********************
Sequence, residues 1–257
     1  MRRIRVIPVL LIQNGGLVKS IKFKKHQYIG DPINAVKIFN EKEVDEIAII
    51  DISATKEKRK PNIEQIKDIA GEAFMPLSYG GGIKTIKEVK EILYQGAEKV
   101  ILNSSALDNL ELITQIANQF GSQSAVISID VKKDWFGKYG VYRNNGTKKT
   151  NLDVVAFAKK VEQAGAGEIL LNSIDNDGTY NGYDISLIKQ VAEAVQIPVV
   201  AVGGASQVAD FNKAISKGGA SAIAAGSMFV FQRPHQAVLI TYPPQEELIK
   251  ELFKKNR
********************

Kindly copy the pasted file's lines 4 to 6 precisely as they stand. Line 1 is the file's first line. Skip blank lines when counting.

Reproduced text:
   101  ILNSSALDNL ELITQIANQF GSQSAVISID VKKDWFGKYG VYRNNGTKKT
   151  NLDVVAFAKK VEQAGAGEIL LNSIDNDGTY NGYDISLIKQ VAEAVQIPVV
   201  AVGGASQVAD FNKAISKGGA SAIAAGSMFV FQRPHQAVLI TYPPQEELIK